First-of-its-kind Galleri® Multi-Cancer Early Detection blood test can screen for multiple cancers through a single blood draw.
DETROIT and MENLO PARK, Calif. – (Sept. 22, 2022) – Henry Ford Health, one of the nation’s leading academic medical centers recognized for excellence in clinical care, research and education, and GRAIL, LLC, a healthcare company whose mission is to detect cancer early when it can be cured, today announced Henry Ford Health as the first healthcare provider in Michigan to offer Galleri®, GRAIL’s Multi-Cancer Early Detection (MCED) blood test. Henry Ford is among an early group of healthcare providers in the U.S. to offer this MCED test.
“We are entering an era of unprecedented ability to detect cancer at its earliest stages, which may ultimately help save many lives,” said Adnan Munkarah, M.D., Chief Clinical Officer at Henry Ford Health. “Diagnosing and treating cancer at an earlier stage often leads to more favorable outcomes. We are excited to offer this MCED blood test, which research shows can detect a cancer signal shared across more than 50 types of cancer through a single blood draw.”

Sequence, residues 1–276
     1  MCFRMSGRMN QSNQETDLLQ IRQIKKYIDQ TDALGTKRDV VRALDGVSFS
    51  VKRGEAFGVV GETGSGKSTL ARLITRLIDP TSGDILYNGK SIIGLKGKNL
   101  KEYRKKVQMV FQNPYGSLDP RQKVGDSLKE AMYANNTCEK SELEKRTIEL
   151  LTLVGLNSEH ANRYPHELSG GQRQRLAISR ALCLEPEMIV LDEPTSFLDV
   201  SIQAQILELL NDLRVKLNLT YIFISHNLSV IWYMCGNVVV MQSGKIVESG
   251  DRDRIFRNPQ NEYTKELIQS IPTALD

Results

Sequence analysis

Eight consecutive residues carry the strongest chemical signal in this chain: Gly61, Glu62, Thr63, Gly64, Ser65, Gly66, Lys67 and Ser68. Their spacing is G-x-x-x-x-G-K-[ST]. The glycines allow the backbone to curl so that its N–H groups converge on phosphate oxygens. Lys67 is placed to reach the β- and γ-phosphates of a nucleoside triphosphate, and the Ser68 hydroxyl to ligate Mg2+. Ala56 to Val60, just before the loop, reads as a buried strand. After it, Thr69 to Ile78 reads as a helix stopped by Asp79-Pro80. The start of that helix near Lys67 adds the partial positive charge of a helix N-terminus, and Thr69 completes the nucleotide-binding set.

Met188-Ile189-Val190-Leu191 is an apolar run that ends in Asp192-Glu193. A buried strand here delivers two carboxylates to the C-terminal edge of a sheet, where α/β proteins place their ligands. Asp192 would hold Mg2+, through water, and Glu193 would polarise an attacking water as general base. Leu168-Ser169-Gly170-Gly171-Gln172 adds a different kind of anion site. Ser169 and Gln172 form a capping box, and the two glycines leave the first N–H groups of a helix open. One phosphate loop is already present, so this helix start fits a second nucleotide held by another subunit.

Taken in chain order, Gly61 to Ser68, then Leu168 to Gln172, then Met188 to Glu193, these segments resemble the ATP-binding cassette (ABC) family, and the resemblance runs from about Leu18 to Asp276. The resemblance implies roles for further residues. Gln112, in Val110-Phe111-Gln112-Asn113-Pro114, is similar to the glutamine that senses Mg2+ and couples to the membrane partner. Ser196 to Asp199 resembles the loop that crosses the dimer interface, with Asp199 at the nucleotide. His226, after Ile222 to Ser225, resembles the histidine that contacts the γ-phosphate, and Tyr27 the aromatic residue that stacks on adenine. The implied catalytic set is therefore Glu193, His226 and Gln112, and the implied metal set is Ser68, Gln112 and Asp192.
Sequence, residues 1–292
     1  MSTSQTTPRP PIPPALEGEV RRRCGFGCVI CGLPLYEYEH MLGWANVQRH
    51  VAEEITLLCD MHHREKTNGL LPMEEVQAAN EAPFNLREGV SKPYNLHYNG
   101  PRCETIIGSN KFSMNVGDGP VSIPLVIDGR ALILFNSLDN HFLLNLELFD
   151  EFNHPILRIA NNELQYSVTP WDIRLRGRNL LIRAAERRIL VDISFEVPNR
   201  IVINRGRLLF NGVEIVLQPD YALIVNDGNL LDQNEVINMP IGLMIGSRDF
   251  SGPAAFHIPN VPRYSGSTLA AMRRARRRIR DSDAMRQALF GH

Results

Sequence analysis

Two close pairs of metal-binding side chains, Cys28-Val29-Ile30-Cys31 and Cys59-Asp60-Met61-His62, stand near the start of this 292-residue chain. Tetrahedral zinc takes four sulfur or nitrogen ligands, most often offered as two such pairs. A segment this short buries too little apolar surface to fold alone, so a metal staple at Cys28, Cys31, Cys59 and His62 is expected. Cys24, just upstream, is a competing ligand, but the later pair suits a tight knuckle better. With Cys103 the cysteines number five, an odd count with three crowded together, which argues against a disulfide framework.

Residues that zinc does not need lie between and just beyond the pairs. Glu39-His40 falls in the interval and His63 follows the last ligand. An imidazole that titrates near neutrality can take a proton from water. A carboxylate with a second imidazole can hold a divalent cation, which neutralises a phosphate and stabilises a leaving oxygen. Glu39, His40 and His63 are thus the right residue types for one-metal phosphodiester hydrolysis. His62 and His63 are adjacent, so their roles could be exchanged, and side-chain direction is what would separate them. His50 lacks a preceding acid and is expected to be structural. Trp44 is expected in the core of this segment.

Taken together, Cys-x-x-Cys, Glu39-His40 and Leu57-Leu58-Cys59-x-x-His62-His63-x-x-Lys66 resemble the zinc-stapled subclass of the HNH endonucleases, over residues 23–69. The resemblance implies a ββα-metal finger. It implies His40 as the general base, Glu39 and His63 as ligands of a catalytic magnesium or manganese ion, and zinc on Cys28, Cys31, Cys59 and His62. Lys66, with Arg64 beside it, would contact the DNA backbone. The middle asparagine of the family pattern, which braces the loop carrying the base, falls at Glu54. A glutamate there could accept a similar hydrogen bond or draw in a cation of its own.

The Galleri test is intended for use in those who are at an elevated risk of cancer, such as individuals ages 50 or older. Some younger people may also have an elevated risk of cancer, which is why Henry Ford is making the Galleri test available to patients who are 22 years or older, have no history of cancer or have been cancer-free at least three years, and are not currently pregnant.
“We believe that multi-cancer early detection tests like Galleri are the new front on the war against cancer and will enable us to dramatically increase cancer detection from screening in the population, with the goal of improving public health,” said Bob Ragusa, Chief Executive Officer at GRAIL. “We are excited to work with Henry Ford Health in adding Galleri as a complement to U.S. guideline-recommended cancer screenings.”